Located in Southwestern Cobb County, you’ll find the lovely city of Powder Springs, Georgia. And within the Springs, are artists Coodie Breeze and Tyler Major. They’ve collaborated to bring you their southern-centric album titled The Moon Lookin’ Fye Again. We had the privilege of conducting an in-depth interview about this LP with the NRK rapper/producer duo that created it.
DC: How long have you two known each other and how did you meet?
CB: Elementary school like in 1st or 2nd grade. We also lived in the same subdivision at the time and our houses were the only two built and colored the same on some weird shit.
TM: I met Coodie when I was 7 years old. He was the first person I met in my neighborhood when I moved from Marietta to Powder Springs. We met on the school bus and we were always talking about music.
DC: Coodie, what kind of music you were exposed to growing up? What artists specifically did you latch on to and did what they made have any influence on the artist you are today?
CB: I was exposed to a lot of west coast hip hop growing up but as I got older and was able to search on my own I latched on mostly to the southern sound I was always hearing around me. Like music I remember hearing on the radio and at parties that reminded me of a certain time growing up in the part of Atlanta that I’m from.
DC: Tyler you said in a previous DC interview that you’ve wanted to make music in some form since hearing Lonnie Liston Smith’s Exotic Mysteries album at age 8. We could make comparisons of your soundscapes to other fusion producers, but in our quest to master your own sound, do you believe you could sonically surpass any of your musical inspirations?
TM: Surpass is a strong word. I just do my best to be the best at creating my genre of music. All those Jazz Fusion artists are legends in my eyes. My goal is to carve out my lane as well as they did theirs.
DC: Coodie do you produce music as well? And if you don’t mind, give us some insight into your writing process.
Not as well as is I’d like to. When I write though its just whatever. I just try to tell stories off of what I really do, women that I really encounter, and things that I really wanna obtain. I just try and sound as player and smooth as I can. Sometimes I’ll rap or sing or switch it up. Just always trying new things but never being too out of lane with it.
DC: The NRK camp releases new music regularly. What drove you two to make this project together and why did y’all choose to take it past the usual digital-only release?
CB: The fans and the love for the music that we make together. It’s never the same but about as close it gets to the old days when we first started as a collective. Just trying to keep it as fun as possible.
TM: As soon as I moved back to Georgia after living in Los Angeles for 7 months, Coodie and I just really got right back in our groove like before I left when we did the Smooth Douglas tape. Just studying music, producing and recording every day and being in that vibe on a regular basis and finding that chemistry is so necessary to making music that defines a unique sound.
DC: The first released version of TMLFA contained only 6 songs. The 5 additional tracks definitely gives the project a complete, cohesive sound. Was ‘upgrading’ it the plan from the onset or did one of you feel there could be more done with it after the initial release?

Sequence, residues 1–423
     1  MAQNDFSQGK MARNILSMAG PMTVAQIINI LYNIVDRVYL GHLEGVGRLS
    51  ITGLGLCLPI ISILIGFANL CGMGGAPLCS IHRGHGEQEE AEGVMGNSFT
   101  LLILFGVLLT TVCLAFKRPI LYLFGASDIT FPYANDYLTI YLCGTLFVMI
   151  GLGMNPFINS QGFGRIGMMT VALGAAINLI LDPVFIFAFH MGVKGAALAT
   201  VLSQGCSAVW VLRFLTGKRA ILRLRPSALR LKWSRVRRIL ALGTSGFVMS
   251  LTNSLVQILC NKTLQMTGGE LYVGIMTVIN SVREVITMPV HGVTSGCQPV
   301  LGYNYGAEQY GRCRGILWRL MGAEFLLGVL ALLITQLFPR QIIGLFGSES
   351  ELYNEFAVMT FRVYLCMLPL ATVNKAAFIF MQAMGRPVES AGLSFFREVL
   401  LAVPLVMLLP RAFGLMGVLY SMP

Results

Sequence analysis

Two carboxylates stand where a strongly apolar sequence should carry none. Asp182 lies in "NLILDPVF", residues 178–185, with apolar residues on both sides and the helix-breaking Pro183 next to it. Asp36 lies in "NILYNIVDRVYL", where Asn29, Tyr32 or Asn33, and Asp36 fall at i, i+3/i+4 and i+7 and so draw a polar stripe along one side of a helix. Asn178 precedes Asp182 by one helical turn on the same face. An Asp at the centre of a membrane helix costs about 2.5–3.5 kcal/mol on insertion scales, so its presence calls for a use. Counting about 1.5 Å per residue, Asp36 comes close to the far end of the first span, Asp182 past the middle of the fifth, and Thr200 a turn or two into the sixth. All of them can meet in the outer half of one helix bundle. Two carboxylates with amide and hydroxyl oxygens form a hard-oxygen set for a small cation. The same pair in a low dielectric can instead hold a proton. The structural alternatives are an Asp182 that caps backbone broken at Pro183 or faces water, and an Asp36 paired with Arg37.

CB: It really wasn’t In the plan until Blackhouse (Records) reached out and showed interest in helping with the physical release.
TM: Well, by the time the Where Did We Park project and the Moon Lookin Fye Again EP came out, me and Coodie had really found our stride as far as working together. We knew the music was special and and felt good but they got kind of slept on in our opinion. So Coodie had the genius idea to fuse the 2 projects together and make The Moon Lookin Fye Again album .
DC: If you would, supply the fans with a visual by describing your ideal setting(s) to enjoy to this album in.
CB: Everything I make, I try to make for specifically for car rides and smoke sessions and sometimes a combination of both.
TM: Definitely made TMLFA to sound good riding around in your car. The understated thing about this album is that with the samples and the vibe of half of the record, you can enjoy it with your significant other. It’s smooth. It doesn’t get too “tough” yet it rides and is an easy listen. That was the goal.
DC: Listeners will hear that there are a few notable samples throughout the album. How were they chosen and who decided on the way they’d be flipped?
CB: We would smoke and be listening to music and an idea for a sample would spark. Or we would already have an idea in mind. We kinda like the exact same samples and vibes so its very easy to bring the track to life after we have the instrumental made and lyrics written.
TM: the samples or interpretations of the samples were picked by either Coodie or myself. Just songs we grew up loving or records we had talked about throughout the years. We have similar tastes in music so it’s really easy to bounce ideas off each other.
DC: Name your favorite track on the album, and the track you liked creating the most.
CB: My favorite track on there is probably “Free BG” or “Mobb In This”. I like how we attempted to cover all bases of the south other than just Atlanta. With “Free BG” being a New Orleans feel and “Mobb In This” being a MeMphis sounding track.
TM: Every song is a favorite but I’d have to say NBA Showtime. I remember I was DJing at a casual house party and I decided to start making a beat live and it was the beat for NBA Showtime. Coodie got to the party and hour later and “called” it. We recorded it the next day. I had done that a few times in LA with the other NRK Pyramids so it wasn’t a first for me but the first that made a project.
DC: Is there anyone either of you would like to thank for aiding in the process of getting this album out?